When I heard my mom coming down the ramp, I wiped my eyes and put on a blank face. I didn’t want to be comforted. She tossed her keys in the driver’s seat and slammed the door shut. She walked stiffly past me and stopped at the end of the driveway. Resting her hands on her hips, she looked out over the field. The setting sun made the trees glow.
My mom’s shoulders shook. A raspy, scraping sound came from her, and I looked away.
“Please …” she sobbed, “please, promise me if something should happen to me …” She was trembling, but I made no move to comfort her. She slowly sank to her knees in the gravel.
After a few moments, she continued. “If something should happen to me, don’t let everyone fall apart. Don’t let your family slip through the cracks. Don’t ….”
She leaned forward as if she was praying, and cried. I could barely look at her. I felt completely empty, like a walking corpse. The kind, comforting person I used to be had been scraped out long ago. I forced my legs to move until I was next to my mom. She snaked her arm around my calf and clung to me as if I was her lifeline. Maybe I was.
The dead are lucky, I thought bitterly. They don’t have to watch the living struggle to pick up the pieces.
“It’s not your fault,” I said lamely.
Eventually, my mom’s tears subsided, and she rose shakily to her feet. She sniffled, then began to pull at her shirt. Her breath came out in bursts as she scratched the back of her neck. “Help me,” she gasped. “They’re in my hair.”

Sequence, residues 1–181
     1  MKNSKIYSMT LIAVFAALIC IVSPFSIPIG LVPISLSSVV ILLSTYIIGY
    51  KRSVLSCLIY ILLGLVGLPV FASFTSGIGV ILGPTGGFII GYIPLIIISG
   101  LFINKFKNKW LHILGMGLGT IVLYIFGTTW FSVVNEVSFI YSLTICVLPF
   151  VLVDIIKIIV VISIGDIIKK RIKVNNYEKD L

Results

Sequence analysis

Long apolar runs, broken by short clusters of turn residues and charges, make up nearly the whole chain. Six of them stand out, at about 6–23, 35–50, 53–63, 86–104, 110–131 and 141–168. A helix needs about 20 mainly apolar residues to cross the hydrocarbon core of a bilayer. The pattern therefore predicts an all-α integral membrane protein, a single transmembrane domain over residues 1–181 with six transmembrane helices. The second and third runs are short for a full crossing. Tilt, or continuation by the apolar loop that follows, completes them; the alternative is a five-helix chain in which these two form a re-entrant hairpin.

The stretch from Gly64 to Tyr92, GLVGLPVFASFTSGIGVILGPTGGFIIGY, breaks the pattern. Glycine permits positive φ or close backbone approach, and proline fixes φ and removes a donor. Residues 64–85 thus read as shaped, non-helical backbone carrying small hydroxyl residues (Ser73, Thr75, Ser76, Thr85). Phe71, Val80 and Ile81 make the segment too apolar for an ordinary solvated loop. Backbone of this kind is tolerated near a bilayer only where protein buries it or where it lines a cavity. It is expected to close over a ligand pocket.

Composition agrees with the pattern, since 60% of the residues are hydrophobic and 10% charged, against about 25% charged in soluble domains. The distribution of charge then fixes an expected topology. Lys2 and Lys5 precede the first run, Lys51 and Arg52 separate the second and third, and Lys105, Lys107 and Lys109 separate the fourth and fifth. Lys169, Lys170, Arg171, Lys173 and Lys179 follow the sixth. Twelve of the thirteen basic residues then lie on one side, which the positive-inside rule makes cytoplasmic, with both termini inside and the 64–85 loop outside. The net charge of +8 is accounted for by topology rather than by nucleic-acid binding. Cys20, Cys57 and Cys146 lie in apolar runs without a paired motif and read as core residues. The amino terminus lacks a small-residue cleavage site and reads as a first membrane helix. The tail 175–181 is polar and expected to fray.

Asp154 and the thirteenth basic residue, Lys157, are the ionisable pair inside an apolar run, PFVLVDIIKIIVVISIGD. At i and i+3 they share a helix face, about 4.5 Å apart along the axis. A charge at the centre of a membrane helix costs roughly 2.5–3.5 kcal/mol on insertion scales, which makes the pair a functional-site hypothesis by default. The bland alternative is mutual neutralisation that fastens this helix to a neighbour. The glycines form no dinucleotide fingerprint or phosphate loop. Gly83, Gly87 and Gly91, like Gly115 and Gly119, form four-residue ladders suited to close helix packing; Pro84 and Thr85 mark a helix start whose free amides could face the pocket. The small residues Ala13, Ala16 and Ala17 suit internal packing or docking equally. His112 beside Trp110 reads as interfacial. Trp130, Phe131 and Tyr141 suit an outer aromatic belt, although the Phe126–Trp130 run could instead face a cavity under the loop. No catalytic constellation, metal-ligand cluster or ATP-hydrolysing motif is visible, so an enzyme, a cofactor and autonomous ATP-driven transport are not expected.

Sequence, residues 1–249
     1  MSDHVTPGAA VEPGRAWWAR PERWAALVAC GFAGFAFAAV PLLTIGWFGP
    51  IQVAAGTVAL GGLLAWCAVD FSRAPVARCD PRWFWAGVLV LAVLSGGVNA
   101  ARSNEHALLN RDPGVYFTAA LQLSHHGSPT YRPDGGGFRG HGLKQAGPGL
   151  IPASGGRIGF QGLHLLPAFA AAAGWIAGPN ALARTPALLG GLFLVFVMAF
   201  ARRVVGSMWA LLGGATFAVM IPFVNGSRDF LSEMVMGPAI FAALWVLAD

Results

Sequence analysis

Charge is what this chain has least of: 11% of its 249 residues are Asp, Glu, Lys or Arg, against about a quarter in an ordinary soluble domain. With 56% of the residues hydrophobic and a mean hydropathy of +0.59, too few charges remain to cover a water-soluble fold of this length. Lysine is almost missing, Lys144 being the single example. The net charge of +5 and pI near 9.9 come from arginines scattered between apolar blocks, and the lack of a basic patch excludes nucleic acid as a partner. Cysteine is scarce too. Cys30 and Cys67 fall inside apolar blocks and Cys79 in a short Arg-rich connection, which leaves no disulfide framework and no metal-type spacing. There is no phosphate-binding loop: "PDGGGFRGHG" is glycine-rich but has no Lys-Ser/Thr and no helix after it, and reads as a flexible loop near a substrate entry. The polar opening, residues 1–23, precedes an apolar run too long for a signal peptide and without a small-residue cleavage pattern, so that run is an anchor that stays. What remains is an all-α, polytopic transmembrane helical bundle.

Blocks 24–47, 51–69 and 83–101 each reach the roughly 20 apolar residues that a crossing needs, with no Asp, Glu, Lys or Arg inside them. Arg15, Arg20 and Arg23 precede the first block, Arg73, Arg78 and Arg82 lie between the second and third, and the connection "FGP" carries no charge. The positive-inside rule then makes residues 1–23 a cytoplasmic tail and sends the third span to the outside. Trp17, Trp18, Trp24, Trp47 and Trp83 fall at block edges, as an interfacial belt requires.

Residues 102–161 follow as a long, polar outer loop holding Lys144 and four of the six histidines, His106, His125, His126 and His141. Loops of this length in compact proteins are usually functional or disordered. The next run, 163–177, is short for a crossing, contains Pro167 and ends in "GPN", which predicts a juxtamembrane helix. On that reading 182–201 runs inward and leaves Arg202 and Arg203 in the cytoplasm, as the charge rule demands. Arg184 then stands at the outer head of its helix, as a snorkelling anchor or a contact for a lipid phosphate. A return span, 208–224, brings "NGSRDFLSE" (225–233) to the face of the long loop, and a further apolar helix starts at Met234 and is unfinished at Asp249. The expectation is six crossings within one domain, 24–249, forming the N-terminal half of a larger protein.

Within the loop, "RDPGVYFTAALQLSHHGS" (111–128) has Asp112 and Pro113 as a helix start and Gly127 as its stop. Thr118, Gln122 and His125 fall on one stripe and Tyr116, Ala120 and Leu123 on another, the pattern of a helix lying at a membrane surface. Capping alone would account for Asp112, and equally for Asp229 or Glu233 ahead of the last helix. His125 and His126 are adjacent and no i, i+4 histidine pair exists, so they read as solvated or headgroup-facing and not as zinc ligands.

For a moment, I stared in confusion before it all came back to me. The fleas. I began picking them off my mom’s skin as quickly as I could. Lord knows how long they had gone without a live host. They were almost invisible in the dying light.
“Are there any on you?” my mom croaked once I had removed as many as I could find.
“No,” I lied, feeling one moving in the waistband of my pants. I picked it out when she turned toward the car.
I slid into the car, and we sat in silence. Twilight had moved in, bathing the world in periwinkle. I felt filthy, inside and out. My mom reached into the back seat to retrieve a windbreaker before yanking her shirt off. She changed quickly, whispering, “I should never have brought you here. I’m sorry.”
Her apology echoed in my head as we pulled away. In that moment we made an unspoken agreement to never tell anyone about this day. The graveyard in my brain gained a new occupant. May it rest in peace.
This piece has been published in Teen Ink’s monthly print magazine.